The Diseases: Pertussis, Tetanus, Diphtheria, Polio and Haemophilus influenzae B

Pertussis disease

Commonly known as whooping cough, pertussis is a significant disease in children and can be very serious and sometimes fatal in infants younger than 6 months. But due to improved sanitation, the widespread availability of fresh, unspoiled, nutritious food, modern rehydration techniques and methods of resuscitation, and new knowledge about alternate therapy, death is much less likely now than it was during or before the early part of the twentieth century. And although pertussis, especially that which is untreated, can cause severe symptoms some of which may be permanent, pertussis vaccine can cause similar symptoms and reactions: high fever, convulsions, continuing seizures, mental retardation, learning disabilities and chronic illness. The vaccine has also caused deaths.

Although the vaccine is formulated for immunity to Bordatella pertussis, it cannot possibly prevent infection by the related species, Bordatella parapertussis and Bordatella holmseii, symptoms of which are indistinguishable from the former. Furthermore, if initially there is only a dry, persistent cough, this may be misinterpreted as an allergic reaction. If confirmation of the so-called “vaccine-preventable disease” is needed, testing must be done.

After an incubation period of 5-21 days, usually 7-14, the first signs of illness range from a minor cold and cough to symptoms similar to those of bronchitis or influenza: runny nose, sneezing, a dry cough, a slight fever and lack of appetite. These symptoms last another 10-15 days. It’s during this period – about three weeks into the infection – that a sample of excretions of the nose/throat must be taken if culture testing is to be done; by the time the illness has progressed to the characteristic “whooping” stage it is too late to sample. (Another test which detects pertussis DNA is also available but can be less accurate). Since the bacterium associated with pertussis is spread by airborne droplets, the disease is contagious whenever there is coughing but the most infectious coughs are the milder ones, before the “whoops” begin. Pertussis is also spread through contact with items the ill person has contacted.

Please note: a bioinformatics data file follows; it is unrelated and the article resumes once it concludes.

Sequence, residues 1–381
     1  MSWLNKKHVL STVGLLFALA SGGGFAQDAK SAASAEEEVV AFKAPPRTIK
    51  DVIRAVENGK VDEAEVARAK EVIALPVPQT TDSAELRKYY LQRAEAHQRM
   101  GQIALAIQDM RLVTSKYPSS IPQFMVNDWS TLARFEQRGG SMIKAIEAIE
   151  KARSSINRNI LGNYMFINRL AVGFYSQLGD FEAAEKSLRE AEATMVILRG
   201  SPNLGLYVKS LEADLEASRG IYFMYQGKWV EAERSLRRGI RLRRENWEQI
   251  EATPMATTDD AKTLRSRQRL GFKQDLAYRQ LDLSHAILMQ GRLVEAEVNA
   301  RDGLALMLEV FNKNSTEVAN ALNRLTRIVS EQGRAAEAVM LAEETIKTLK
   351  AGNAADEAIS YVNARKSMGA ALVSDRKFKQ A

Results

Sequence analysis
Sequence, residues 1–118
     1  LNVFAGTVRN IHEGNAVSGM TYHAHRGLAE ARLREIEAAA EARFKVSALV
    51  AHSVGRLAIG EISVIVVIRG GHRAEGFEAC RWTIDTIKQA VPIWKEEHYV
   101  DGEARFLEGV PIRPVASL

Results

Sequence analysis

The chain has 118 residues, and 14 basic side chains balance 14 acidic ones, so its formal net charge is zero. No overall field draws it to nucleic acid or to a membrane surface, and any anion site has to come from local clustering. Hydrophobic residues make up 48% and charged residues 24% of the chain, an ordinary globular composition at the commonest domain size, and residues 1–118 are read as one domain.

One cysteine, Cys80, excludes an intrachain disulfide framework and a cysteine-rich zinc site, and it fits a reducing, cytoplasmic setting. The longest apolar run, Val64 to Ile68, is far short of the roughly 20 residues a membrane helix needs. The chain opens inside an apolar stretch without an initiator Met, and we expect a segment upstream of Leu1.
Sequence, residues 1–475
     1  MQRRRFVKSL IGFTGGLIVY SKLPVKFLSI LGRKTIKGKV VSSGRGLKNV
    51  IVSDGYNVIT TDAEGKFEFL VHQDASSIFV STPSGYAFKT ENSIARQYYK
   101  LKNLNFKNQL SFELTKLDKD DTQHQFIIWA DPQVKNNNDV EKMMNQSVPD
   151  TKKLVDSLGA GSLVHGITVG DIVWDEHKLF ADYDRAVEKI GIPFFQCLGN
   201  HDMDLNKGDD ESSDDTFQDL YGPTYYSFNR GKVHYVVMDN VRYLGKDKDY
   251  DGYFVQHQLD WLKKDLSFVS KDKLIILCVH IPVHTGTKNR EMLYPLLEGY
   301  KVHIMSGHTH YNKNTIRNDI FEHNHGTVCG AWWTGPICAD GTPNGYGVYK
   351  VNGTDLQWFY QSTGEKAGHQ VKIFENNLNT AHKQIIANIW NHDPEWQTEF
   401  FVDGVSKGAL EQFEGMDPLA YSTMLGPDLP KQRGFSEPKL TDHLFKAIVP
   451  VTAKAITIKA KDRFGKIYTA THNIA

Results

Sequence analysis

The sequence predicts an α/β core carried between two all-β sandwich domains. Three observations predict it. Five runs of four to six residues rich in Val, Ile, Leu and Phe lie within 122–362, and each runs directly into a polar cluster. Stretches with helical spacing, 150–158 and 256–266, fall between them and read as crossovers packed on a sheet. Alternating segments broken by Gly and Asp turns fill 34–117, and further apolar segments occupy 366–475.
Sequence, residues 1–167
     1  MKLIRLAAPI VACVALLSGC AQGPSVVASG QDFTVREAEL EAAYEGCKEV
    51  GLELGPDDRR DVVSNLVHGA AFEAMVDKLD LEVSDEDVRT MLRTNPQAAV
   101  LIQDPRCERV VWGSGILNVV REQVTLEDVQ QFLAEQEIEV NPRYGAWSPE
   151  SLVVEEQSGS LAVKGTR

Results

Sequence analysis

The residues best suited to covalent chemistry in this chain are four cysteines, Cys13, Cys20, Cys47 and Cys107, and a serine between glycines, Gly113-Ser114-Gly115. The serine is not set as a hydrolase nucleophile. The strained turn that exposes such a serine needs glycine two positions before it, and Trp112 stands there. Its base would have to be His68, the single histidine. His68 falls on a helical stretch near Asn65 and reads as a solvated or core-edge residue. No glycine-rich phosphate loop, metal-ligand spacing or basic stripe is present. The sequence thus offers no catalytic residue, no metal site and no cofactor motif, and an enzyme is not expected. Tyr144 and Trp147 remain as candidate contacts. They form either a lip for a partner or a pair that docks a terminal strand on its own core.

The “whoop” of pertussis disease is the noise made when the child draws in air following coughing spells lasting up to thirty seconds. These prolonged spells serve to bring up mucous from the bronchial tubes. If food has been eaten, it may be expelled along with the mucous. The “whooping” stage may last 20-30 days and it is during this stage of the entire 4-6 weeks of symptoms that the child especially needs a calming adult nearby. Fever during the “whooping” stage is abnormal and requires the attention of a health professional. During the last couple of weeks the “whoops” become less frequent, the child starts to regain weight lost and sleep becomes easier. Depending on treatment provided, a cough, cold or exposure to cigarette smoke may set off a series of whoops up to a year after recovery. Babies less than 3 months find it especially difficult to manage the coughing fits. Depending on type of treatment or lack of treatment altogether, they may develop cyanosis, a bluish colouring of the skin due to lack of oxygen in their blood or complications such as pneumonia.(1)